If you are travelling to an area where hepatitis B is a common illness, you may require a hepatitis B vaccine. The same goes for healthcare workers and medical professionals, who are more likely to be exposed to the infection.
According to the World Health Organisation, approximately 887,000 people died as a result of hepatitis B and its complications in 2015.
Immunisation requires three to four individual doses, administered by injection. The nurse will assess which course is suitable for you. Most travellers would be recommended three doses, one month apart.
Healthcare workers are advised to carry out a blood test one to four months after the course is completed, to check whether vaccination was successful. Travellers are at a lower risk of contracting hepatitis B and do not require a blood test.
Those thought to have a continued high risk of infection should consider having a booster after 5 years. Boosters may be needed after exposure to the infection. If you think you have been exposed to hepatitis B please seek medical attention urgently.
The hepatitis B vaccine can cause mild side effects, such as redness and soreness at the injection site. Occasionally, patients feel tired within the first few days after the injection.
Who needs the hepatitis b vaccine?
Hepatitis B occurs in all parts of the world. In some areas, however, there is an increased risk due to the infection being widespread. Hepatitis B risk areas include parts of eastern Europe, Africa, South and Central America, South East Asia, Russia, India, China as well as some South Pacific Islands. If you are planning to travel to any of these destinations, your Superdrug travel nurse can advise on whether you require a hepatitis B vaccine. Superdrug travel clinics also provide a combined hepatitis A and B vaccine for travellers who require immunisations against both infections.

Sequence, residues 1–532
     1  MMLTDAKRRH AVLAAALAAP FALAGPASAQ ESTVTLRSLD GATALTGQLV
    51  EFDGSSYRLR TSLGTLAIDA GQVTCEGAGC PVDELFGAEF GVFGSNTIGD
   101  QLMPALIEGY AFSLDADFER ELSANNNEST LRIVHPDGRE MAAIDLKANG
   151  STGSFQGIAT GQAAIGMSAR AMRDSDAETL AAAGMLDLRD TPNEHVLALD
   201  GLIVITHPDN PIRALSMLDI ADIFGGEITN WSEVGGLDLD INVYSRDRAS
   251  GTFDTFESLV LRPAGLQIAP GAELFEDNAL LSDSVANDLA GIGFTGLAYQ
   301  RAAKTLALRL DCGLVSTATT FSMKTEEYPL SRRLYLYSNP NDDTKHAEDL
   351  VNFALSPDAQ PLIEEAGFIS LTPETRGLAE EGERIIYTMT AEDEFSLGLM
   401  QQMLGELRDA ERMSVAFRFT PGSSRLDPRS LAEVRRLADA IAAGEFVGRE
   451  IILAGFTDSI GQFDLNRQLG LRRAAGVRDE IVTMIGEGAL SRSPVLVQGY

Preventing hepatitis b
Travellers are particularly at risk if they have an accident and require medical treatment in a country with a high incidence of hepatitis B and a health care system with limited resources. In these circumstances, injections might be re-used or blood transfusions may not be screened for hep B. The hepatitis B vaccine helps prevent infection and protects you in case of such an emergency.
Hepatitis B is also transmitted during sexual intercourse. If you have sexual intercourse during your travels, always ensure you use a condom to prevent transmission. Avoid procedures which involve piercing your skin, such as tattooing and acupuncture.
Common and very common side effects include:
- temporary soreness
- redness or hardening of the skin around the injection site
- gastro-intestinal disturbances
- loss of appetite
- muscle pain
How it works
Book an appointment
Book online or call our booking line. Our lines are open Mon-Fri 9am-6pm and Sat until 5pm.
During your appointment, the nurse or pharmacist will assess which vaccines or medications you need.
Get your treatment
Once our health advisor has assessed your needs, you'll receive your vaccinations & treatments straight away.